mount Q for level 3

Some of the members of my unicycle gang were testing for level 3. Neither
passed, but one question came up: Can seat-in-front substitute for
stomach-on-seat? I’d say yes since the stomach-on-seat appears to be a
skill that leads to seat-in-front and has no other special value to a
unicyclist (except that it’s sorta cute).

David Stone
Co-founder, Unatics of NY
1st Sunday / 3rd Saturday
@ Central Park Bandshell
1:30 start time after 11/1/01

It must be seat on stomach. Seat in front and stomach on seat are different skills.

David-

Did these riders happen to fail the stomach on seat part? You didn’t specify. Having done both recently I would say that stomach on seat is much easier to learn and to do but it is neither practical nor comfortable to do. It is goofy looking which, in and of itself, is an important attribute. Other than that, it seems useful only as a lead-in to seat in front.

harper writes:
>David-
>
>Did these riders happen to fail the stomach on seat part?
>You didn’t specify. Having done both recently I would say that stomach
>on seat is much easier to learn and to do but it is neither practical
>nor comfortable to do. It is goofy looking which, in and of itself, is
>an important attribute. Other than that, it seems useful only as a
>lead-in to seat in front.
The answer is YES, they couldn’t manage the stomach variety. Amazingly,
the she of the two was able to get seat-in-front really well, tho the he
of the two never managed. Anyhoo, I’'ll make sure both of them get their
tummies on the seat in order to pass level 3.

David
>

Co-founder, Unatics of NY
1st Sunday / 3rd Saturday
@ Central Park Bandshell
1:30 start time after 11/1/01

Can I get a little clarification on stomach on seat? I can place my stomach on the seat in basically an extreme crouch and ride like that, that count?

I can’t manage it yet- suppose from lack of trying. I suppose it might be usefull for transitioning to hand wheel walk or hands on pedals.

For level testing persposes, is seat hight adjustment allowed, or must you perform all of the level without altering the ride?

Christopher

My understanding is that for level testing the same unicycle must be used throughout the test. The height of the seat may be adjusted as much and as many times as desired.

A new restriction may soon be added that the rider’s tounge must not ever touch his limbs during testing. This seems like nitpicking to me.

Why is the deck always stacked against me?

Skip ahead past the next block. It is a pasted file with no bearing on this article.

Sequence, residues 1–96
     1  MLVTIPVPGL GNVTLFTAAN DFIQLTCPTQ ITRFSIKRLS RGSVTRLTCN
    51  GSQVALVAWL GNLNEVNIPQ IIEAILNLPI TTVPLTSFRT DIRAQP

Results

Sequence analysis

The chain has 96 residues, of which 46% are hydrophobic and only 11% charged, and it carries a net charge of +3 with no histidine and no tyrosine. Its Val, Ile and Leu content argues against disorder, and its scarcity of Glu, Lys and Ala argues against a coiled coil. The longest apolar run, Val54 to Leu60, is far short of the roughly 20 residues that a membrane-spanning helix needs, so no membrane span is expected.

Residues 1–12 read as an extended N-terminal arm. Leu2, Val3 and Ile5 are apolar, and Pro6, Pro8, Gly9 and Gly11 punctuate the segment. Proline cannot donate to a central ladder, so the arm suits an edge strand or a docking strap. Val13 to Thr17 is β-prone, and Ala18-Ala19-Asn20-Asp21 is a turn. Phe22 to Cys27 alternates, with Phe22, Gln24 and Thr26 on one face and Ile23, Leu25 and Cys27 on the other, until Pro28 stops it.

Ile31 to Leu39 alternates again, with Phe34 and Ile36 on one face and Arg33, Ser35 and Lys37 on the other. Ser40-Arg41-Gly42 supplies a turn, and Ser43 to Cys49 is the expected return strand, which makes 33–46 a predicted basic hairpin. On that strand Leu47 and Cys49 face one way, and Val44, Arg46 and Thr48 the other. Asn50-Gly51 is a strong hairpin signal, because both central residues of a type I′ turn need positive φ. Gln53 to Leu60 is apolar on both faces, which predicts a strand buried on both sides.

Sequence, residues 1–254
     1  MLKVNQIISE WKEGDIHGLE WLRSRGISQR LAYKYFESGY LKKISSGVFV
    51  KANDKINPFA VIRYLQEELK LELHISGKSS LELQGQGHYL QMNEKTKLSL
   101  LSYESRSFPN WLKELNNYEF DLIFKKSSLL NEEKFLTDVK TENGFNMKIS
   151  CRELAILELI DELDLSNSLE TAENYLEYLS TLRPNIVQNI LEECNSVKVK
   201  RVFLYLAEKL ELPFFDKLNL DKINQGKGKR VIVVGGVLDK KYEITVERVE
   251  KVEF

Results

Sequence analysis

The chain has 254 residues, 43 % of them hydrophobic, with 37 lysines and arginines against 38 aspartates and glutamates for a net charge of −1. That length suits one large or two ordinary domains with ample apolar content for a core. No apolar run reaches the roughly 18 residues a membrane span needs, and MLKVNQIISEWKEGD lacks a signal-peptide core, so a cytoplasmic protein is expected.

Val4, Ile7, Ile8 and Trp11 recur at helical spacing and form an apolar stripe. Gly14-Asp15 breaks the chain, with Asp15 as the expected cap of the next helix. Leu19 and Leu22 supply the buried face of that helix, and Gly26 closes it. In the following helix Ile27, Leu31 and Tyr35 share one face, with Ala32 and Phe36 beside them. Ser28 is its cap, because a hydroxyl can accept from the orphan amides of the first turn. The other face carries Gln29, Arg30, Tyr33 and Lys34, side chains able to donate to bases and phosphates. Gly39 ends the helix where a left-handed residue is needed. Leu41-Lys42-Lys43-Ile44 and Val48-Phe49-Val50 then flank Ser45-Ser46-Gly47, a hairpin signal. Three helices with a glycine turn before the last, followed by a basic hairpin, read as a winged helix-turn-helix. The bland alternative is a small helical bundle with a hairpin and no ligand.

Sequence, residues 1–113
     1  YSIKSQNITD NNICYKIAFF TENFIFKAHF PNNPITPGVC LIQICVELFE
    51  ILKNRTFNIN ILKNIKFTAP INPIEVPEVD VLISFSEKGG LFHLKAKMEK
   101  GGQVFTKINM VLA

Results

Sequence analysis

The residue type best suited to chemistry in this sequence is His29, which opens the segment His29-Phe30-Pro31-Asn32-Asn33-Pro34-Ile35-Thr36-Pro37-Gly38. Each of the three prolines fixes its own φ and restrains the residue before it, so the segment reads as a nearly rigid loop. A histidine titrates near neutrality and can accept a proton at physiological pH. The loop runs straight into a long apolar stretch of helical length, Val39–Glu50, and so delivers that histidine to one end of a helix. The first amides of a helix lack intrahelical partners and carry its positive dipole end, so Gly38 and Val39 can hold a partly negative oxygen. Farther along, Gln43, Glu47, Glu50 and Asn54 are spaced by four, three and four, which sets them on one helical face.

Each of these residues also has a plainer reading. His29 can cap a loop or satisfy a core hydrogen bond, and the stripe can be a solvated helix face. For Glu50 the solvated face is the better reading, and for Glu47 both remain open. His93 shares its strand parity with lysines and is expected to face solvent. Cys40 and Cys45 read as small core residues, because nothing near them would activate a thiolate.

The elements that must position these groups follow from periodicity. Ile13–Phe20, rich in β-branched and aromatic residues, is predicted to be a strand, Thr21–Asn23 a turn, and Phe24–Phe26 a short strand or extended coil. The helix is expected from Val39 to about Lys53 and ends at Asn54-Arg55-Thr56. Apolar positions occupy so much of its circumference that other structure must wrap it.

Christopher

> Can I get a little clarification on stomach on seat? I can place my
> stomach on the seat in basically an extreme crouch and ride like that,
> that count?

When it comes to “seat out skills” there is variance between the USA and IUF
versions of the levels. The first problem (with both sets of levels) is it’s
unclear what is and what is not a seat out skill. The USA levels are the
easier version, in which you’re allowed to hold the seat with 0, 1, or 2
hands. Crouching with your stomach on the seat is how it’s done. The body
should be bent forward at the waist, with your back sort of horizontal.

I ride stomach on seat with my lower abdomen on the back part of the seat.
The front of the seat doesn’t actually touch my chest, so the seat can pivot
on that single area and the unicycle is easy to steer.

In the IUF levels, skills like seat in front, back, or on stomach must
follow their descriptions in the IUF Standard Skills List. This means that
only one hand may hold the seat for seat in front or back, and the seat (and
hand holding it) may not touch the body. For stomach on seat the seat
touches your body, but your hands must be extended to the sides.

Stay on top,
John Foss, the Uni-Cyclone
jfoss@unicycling.com
www.unicycling.com

“You’re not supposed to wash your Roach armor” - Nathan Hoover, on safety
equipment cleaning methods

> I can’t manage it yet- suppose from lack of trying. I suppose it
> might be usefull for transitioning to hand wheel walk or hands on
> pedals.

I would consider it a useful base skill, but not necessarily closely related
to either of those skills.

> For level testing persposes, is seat hight adjustment
> allowed, or must you perform all of the level without altering the
> ride?

You must use the same unicycle, but it doesn’t say anything about adjusting
seat height. Your goal is to not have to adjust the height, so you should
shoot for learning those skills with the seat at your normal height. Outside
the scope of the levels, you should not consider them “learned” until you
can do them this way.

Stay on top,
John Foss, the Uni-Cyclone
jfoss@unicycling.com
www.unicycling.com

“You’re not supposed to wash your Roach armor” - Nathan Hoover, on safety
equipment cleaning methods

That sounds like it might work. Is there anybody out there who can do a hand
wheel walk who thinks this might work? I realize that some heavy spotting
and practise will be necessary when first trying this, but once you get the
knack, is it possible to go from stomach on seat to hand ww?

Joe Merrill

In a message dated 1/29/02 10:18:51 AM Eastern Standard Time,
forum.member@unicyclist.com writes:

> I suppose it might be usefull for transitioning to hand wheel walk or hands
on
> pedals.